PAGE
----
Dr. Isaac “Cam” Anderson, brother of Bristol’s Mayor Anderson, wedded a Gate City beauty named Mary Nelms in October of 1901. He moved to Gate City and became the most prominent physician in the Virginia town. He gained an impressive reputation after successfully treating many lawmen seriously wounded during shootouts with regional outlaws.
Sadly, Anderson was also attacked by a lawless individual, and possibly a number of them. He was found in December of 1906, his body covered in blood. His wife stood behind her family’s claim that it was suicide.
They told an elaborate tale of suicide, complete with Anderson claiming, “I’ll be in hell in 10 minutes.” One of the many problems was that Anderson chose a most bizarre method for self-destruction. Despite his extensive knowledge of the human body, and easy access to dangerously toxic substances, the Nelms assured authorities that Anderson bled to death from a deep, self-inflicted, cut on his upper arm.
The authorities did not investigate before the jury’s verdict. The Nelms family assured everyone it was a simple suicide and their word was taken on faith. That faith grew shaky when the maid cleaned the room where the death occurred. She lifted a carpet and found a surgical instrument with blood encrusted on it.
The case was presented to the coroner’s jury. Everyone believed the jury would return a verdict of suicide. It shocked the region when they returned a verdict of murder, and suspicion fell upon 21-year-old James “Jim” Nelms, Anderson’s brother-in-law. The Nelms family adamantly clung to their story, but it showed signs of wear. They first claimed they didn’t see Anderson at all that evening and didn’t know what he was doing until it was too late. They then saw him, just for a moment. The small details continued to change as time passed.
The authorities initially believed the murderer had the key to Anderson’s pharmacy, where Anderson kept medical supplies and surgical instruments. They assumed the person with the key would be the culprit, and the Nelms family supported it. Of course, none of the Nelms produced the key, and the defense later suggested the lack of a key was a certain sign of innocence.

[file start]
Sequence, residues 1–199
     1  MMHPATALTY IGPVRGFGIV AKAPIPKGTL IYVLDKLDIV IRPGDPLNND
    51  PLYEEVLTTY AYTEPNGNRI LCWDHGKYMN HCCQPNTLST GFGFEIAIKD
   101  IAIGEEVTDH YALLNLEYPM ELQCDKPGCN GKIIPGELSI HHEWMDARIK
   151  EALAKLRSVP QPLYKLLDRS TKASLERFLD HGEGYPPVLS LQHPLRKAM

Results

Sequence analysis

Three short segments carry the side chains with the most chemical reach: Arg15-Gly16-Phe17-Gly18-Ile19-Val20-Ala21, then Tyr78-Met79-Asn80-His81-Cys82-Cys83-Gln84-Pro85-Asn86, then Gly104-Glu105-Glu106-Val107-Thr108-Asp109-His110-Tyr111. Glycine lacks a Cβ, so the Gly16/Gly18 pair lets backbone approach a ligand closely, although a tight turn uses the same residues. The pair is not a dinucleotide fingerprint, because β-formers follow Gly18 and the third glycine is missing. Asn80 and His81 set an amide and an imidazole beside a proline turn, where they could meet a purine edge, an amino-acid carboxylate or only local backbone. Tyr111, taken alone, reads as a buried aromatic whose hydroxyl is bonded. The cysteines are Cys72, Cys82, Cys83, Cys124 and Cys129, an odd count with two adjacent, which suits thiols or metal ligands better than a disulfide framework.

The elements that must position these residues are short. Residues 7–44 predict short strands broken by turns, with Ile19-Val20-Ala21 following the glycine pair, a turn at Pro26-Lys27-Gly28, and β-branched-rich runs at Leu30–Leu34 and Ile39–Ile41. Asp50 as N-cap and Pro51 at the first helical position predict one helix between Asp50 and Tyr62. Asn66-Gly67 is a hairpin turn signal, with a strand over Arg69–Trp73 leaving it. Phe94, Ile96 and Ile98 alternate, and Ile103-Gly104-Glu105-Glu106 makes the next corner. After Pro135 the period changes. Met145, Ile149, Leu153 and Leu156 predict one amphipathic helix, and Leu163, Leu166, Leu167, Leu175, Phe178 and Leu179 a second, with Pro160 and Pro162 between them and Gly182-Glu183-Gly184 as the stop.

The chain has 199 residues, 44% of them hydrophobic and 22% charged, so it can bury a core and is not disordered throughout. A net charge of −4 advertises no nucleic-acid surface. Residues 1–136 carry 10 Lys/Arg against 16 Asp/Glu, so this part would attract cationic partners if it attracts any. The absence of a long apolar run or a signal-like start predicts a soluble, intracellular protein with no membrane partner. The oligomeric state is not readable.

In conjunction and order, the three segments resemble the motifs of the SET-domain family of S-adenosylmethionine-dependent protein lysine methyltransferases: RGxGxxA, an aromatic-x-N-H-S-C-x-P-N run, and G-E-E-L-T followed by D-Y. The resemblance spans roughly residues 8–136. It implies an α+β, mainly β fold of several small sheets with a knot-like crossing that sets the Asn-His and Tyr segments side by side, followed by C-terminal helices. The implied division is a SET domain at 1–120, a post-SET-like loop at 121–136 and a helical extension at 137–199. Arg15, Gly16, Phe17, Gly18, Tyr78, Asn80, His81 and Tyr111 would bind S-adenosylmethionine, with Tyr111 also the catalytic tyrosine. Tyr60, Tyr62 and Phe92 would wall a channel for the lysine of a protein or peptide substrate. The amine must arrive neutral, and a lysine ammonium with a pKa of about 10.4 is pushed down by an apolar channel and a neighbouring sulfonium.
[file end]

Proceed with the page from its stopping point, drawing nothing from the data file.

James Nelms was served with a warrant before the end of December. The defense was stunned when the prosecution presented an unexpected “smoking gun.” Alexander Anderson, the doctor’s brother and mayor of Bristol himself, was among the first people on the scene after the dying man was discovered. Dr. Anderson was still conscious. Alexander testified that his brother revealed, “Jim Nelms stabbed me.” Cam then said Mary, his wife, and her mother held him down so Jim could open the artery in his arm.
The Nelms family encountered unexpected facts several times through the trial. Several medical professionals testified it was physically impossible to inflict such a wound upon oneself. Other witnesses testified that Anderson regularly lived in fear for his life. He’d previously told several close friends he believed his brother-in-law would kill him.
Nelms was found guilty, but only sentenced to one year in prison. Regardless of what he did or did not admit, it was established that Anderson and Nelms fought just before the murder occurred. Perhaps the most baffling element is the family’s persistence in claiming an obvious murder was suicide.